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Tree Endophytes: Cryptic Drivers of Tropical Forest Diversity

  • Eric A. Griffin
  • Walter P. Carson
Chapter
Part of the Forestry Sciences book series (FOSC, volume 86)

Abstract

Roots and leaves comprise two of the largest microbial habitats on Earth, particularly in tropical forests where root and leaf surface areas are extremely high and microbes are abundant and diverse. Fungal and bacterial endophytes are primarily acquired via contagious spread from the surrounding environment. The soil is an important reservoir for both fungal and bacterial endophytes; we term this a soil microbial bank and suggest that it functions similarly to a soil seed bank. Because most (~75%) studies have found a strong positive relationship between plant diversity and soil microbial diversity, we predict that as plant diversity increases so will endophyte taxonomic and functional diversity. Once inside plant host tissues, endophytes can act as mutualists and increase plant performance directly by producing plant hormones, or indirectly by decreasing fungal or insect damage by up to 80%. Recent studies, however, have demonstrated that there are costs associated with hosting “beneficial” endophytes for tropical trees. This is important because it challenges more traditional dichotomies (e.g., beneficial or deleterious) about endophytes and suggests that there are highly complex and context-dependent trade-offs and costs involved in plant-endophyte interactions. Though they comprise a cryptic component of tropical forests, plant-microbe interactions may typically regulate tree diversity, composition, and forest function at neighborhood and even regional scales. For example, pathogens may maintain tree diversity by reducing the fitness of common species in areas where plant host density is high or where hosts are close to reproductive conspecific adults. Moreover, plant-endophyte interactions, whether pathogenic or mutualistic, may comprise an entirely novel dimension of niche differentiation for coexisting tree species. Overall, tree endophytes in tropical forests are complex, yet critical drivers of forest dynamics and function.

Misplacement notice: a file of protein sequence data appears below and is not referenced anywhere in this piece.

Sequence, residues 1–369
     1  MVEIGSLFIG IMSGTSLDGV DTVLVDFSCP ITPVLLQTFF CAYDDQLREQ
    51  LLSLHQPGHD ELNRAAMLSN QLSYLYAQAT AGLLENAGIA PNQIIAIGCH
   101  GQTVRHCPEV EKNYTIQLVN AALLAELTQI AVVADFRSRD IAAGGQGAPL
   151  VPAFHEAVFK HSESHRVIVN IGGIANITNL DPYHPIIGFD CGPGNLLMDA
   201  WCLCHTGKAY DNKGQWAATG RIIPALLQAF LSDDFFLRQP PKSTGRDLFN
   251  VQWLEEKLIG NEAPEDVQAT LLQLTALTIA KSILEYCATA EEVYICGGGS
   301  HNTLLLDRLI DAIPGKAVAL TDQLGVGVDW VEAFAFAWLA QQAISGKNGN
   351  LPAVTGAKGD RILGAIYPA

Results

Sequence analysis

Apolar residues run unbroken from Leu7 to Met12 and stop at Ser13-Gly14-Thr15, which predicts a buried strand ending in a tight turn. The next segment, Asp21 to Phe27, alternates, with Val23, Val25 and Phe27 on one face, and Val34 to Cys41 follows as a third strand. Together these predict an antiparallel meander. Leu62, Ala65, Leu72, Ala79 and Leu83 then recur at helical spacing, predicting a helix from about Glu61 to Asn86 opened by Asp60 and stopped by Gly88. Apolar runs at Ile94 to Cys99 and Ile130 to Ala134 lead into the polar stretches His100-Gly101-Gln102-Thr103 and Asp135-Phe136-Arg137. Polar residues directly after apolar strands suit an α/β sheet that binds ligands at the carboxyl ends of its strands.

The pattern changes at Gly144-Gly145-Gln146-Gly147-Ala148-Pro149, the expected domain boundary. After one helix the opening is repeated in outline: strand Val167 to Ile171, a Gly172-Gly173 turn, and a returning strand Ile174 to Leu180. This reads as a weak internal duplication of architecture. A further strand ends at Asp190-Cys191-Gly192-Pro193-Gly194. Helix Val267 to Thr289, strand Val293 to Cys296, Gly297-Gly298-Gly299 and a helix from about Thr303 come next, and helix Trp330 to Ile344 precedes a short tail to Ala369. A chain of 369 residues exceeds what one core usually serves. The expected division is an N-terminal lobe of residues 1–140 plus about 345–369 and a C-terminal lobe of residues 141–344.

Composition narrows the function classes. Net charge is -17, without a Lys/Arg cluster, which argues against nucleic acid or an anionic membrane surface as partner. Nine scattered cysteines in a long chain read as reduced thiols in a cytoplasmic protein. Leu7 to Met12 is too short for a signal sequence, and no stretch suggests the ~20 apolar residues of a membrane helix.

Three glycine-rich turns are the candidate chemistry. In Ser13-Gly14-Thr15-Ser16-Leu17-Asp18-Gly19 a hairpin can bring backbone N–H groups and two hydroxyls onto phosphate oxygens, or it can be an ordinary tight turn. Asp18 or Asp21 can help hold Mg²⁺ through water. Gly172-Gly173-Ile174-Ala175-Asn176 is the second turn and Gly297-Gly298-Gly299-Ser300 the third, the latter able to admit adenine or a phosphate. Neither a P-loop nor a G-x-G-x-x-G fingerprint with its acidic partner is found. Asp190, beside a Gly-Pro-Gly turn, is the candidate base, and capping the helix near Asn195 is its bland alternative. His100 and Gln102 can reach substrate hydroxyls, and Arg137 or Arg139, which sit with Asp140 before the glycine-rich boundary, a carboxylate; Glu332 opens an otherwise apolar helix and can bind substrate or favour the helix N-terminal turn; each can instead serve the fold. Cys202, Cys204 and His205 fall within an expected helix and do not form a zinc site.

Notes

Acknowledgements

We thank Melissa McCormick, Dennis Whigham, and Natalie Christian for helpful discussions over the course of this work and comments on earlier drafts of this manuscript. We like to thank Allen Herre and Betsy Arnold in particular for extensive help and comments during the course of this work. Moreover, we thank Betsy Arnold and Francois Lutzoni for permission to use Fig. 1. We acknowledge financial support from the National Science Foundation, the University of Pittsburgh, the Smithsonian Tropical Research Institute, the Smithsonian Environmental Research Center, Sigma Xi, and the American Philosophical Society.

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© This chapter is a U.S. Government work and not under copyright protection in the US; foreign copyright protection may apply 2018

Authors and Affiliations

  1. 1.Smithsonian Environmental Research CenterEdgewaterUSA
  2. 2.University of PittsburghPittsburghUSA

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